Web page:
The panelists’ presentation offered encouraging prospects for the declassification of no-longer sensitive FRD declassification, and we were pleased to learn the Department of Defense made this specific project its flagship Open Government initiative for the entire Department.  From the presentations, we learned that the FRD-DWG intends to declassify no-longer sensitive information and will publicize its results on a dedicated webpage (more information can be found on DoD’s Open Government webpage).  We already are seeing real results from efforts of the FRD-DWG.  As the departments develop a systematic process to meet this commitment, we are gratified that the Government is actively responding to the Open Government NAP with enthusiasm and is making this issue a high priority for transformation.  Declassification of no longer sensitive FRD is clearly a topic of interest to historians and the public as well, illustrated by the fact that more than 90 attendees filled the meeting room. As at our past meetings, we welcome and encourage public participation as we work to assist the Government in its efforts at transformation.  We especially encourage the public to use the Department of Energy addresses below to submit declassification proposals for consideration.

The meeting was also an opportunity for us to recognize the outstanding work of Elizabeth Rindskopf Parker, who recently completed her third and final term as a member of the PIDB. Elizabeth was an inaugural member of the PIDB, and she actively participated in framing the recommendations of both our 2009 Improving Declassification report and our 2012 Transforming the Security Classification System report. We thank Elizabeth for her passion and advocacy on behalf of the public.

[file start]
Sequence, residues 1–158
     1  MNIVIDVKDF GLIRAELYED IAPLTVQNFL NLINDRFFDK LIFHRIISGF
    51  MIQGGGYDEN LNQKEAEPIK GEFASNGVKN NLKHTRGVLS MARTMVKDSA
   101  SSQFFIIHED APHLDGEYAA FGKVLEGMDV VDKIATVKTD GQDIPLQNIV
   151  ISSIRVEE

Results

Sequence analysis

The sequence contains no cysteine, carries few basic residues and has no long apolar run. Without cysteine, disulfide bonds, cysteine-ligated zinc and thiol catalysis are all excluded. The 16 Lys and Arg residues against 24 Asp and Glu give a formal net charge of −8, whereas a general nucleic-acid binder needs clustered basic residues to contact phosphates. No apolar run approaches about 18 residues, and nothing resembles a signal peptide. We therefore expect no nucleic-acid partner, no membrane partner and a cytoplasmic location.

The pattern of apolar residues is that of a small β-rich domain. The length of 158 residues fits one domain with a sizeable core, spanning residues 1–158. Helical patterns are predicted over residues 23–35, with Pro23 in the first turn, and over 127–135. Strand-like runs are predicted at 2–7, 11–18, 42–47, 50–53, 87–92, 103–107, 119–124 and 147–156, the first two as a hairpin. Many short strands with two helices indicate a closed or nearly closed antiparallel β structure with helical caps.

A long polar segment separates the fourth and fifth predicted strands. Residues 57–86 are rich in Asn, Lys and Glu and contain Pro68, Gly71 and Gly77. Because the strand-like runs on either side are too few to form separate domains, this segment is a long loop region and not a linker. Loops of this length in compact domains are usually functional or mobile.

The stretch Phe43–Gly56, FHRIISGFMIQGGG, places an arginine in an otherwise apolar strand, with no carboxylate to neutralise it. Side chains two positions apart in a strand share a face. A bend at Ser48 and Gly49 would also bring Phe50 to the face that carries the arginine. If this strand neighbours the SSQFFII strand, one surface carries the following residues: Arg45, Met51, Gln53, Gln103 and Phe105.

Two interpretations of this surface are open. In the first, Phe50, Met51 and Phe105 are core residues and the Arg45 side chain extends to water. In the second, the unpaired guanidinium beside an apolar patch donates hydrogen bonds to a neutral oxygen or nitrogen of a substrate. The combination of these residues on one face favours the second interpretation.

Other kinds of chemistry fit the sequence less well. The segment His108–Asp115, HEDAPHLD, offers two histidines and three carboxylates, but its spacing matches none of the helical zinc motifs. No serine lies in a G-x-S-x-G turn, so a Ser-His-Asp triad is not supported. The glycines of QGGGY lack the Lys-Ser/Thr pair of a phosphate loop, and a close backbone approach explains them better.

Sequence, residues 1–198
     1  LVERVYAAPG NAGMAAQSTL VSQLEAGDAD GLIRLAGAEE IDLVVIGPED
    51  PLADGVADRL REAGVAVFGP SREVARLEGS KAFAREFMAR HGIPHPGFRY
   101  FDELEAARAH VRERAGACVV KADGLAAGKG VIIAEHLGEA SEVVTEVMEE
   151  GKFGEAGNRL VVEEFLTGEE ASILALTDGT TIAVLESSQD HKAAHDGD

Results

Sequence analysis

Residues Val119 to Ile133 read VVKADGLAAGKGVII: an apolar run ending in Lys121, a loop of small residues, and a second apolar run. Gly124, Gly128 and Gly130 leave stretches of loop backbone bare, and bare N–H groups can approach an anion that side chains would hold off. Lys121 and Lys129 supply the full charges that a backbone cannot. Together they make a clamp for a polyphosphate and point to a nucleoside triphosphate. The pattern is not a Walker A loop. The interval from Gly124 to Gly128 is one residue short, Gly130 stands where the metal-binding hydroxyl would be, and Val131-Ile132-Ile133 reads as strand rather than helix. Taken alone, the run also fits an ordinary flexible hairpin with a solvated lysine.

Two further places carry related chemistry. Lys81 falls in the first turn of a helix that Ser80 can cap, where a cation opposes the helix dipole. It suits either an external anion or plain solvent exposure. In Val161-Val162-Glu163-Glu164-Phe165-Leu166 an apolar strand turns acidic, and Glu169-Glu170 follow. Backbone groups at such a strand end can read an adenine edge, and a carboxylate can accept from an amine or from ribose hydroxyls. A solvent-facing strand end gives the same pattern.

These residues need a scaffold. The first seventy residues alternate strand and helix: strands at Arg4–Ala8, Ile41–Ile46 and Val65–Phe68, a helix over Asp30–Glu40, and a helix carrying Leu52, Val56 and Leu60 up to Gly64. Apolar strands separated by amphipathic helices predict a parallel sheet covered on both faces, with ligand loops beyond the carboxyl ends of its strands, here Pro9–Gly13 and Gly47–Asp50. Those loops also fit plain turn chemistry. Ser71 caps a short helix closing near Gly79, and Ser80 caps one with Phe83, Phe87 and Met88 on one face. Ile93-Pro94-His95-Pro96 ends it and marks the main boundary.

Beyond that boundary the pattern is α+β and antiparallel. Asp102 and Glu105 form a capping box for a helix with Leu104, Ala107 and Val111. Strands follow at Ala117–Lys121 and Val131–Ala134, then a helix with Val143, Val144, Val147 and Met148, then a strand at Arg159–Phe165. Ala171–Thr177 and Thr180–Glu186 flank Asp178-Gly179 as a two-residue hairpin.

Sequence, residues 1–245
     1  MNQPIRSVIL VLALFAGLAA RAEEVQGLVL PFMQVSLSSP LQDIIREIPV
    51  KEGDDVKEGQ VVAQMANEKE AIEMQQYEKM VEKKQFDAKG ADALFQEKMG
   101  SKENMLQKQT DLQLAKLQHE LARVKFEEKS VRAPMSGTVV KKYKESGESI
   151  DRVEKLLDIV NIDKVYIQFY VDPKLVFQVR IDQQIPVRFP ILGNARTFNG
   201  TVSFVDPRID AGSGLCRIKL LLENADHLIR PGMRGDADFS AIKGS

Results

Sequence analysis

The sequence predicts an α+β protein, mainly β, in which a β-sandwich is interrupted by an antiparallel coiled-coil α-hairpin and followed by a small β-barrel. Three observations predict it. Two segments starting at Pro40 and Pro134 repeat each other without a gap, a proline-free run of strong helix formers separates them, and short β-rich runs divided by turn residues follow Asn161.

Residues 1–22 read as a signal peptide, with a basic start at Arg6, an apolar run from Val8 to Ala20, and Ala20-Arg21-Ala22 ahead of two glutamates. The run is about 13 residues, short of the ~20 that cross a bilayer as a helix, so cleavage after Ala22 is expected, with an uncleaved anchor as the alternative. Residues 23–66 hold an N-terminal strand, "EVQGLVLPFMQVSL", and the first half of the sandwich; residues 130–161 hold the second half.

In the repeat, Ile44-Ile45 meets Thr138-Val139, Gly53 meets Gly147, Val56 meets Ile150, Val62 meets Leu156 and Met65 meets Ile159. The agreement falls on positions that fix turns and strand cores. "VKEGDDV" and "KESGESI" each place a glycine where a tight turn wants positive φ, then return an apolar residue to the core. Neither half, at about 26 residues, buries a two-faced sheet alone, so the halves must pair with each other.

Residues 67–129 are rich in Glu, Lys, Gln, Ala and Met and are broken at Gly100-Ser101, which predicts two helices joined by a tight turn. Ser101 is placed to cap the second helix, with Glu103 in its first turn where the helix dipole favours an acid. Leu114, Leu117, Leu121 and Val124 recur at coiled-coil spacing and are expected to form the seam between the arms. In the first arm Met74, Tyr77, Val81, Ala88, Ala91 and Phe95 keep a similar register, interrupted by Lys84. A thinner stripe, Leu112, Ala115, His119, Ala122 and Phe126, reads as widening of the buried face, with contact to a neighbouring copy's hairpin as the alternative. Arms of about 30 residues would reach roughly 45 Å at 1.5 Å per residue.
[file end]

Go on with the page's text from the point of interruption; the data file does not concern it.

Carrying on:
Finally, we would like to thank you, the public, for attending this meeting and for remaining engaged on this very important topic.  As I have stated in the past, the members of the PIDB understand and take our responsibility of representing the public very seriously as we complete our work and respond to the requests made by the President.  We know we would be unable to affect meaningful change without public participation and a willing spirit from the agencies to work collaboratively for the greater good of the people.  We look forward to continuing the dialogue on all issues concerning the transformation of the security classification system, including the declassification of no-longer sensitive FRD, and assisting the President in meeting his Open Government commitments.

You can find more information about the Department of Defense’s Open Government Initiatives related to FRD declassification at:
http://open.defense.gov/Initiatives/FRDDeclassification.aspx

You can submit proposals for declassification of RD or FRD information to:

Associate Under Secretary for Environment, Health, Safety and Security
AU-1/Forrestal Building
U.S. Department of Energy
1000 Independence Avenue SW
Washington, D.C. 20585

You can submit proposals for systematic document reviews of given collections or subject areas to:

The Director
Office of Classification
AU-60/Germantown Building
U.S. Department of Energy
1000 Independence Avenue SW
Washington, D.C. 20585